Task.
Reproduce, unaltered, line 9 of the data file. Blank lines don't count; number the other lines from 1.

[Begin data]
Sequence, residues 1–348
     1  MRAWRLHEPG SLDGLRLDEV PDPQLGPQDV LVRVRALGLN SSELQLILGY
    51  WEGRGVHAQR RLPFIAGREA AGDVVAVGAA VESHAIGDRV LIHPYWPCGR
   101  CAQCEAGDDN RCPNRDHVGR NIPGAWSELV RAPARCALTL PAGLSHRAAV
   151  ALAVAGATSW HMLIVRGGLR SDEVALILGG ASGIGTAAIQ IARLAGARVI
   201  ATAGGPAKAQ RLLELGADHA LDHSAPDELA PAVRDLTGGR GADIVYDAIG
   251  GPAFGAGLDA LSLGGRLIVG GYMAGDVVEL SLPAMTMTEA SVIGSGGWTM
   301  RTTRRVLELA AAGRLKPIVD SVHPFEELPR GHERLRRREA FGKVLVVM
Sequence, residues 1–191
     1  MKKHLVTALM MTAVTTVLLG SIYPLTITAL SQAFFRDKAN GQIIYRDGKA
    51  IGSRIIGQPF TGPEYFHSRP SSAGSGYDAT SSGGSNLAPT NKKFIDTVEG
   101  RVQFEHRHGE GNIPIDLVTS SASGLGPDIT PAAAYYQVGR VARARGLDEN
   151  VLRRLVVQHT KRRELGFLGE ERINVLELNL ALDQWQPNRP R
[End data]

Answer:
Sequence, residues 1–191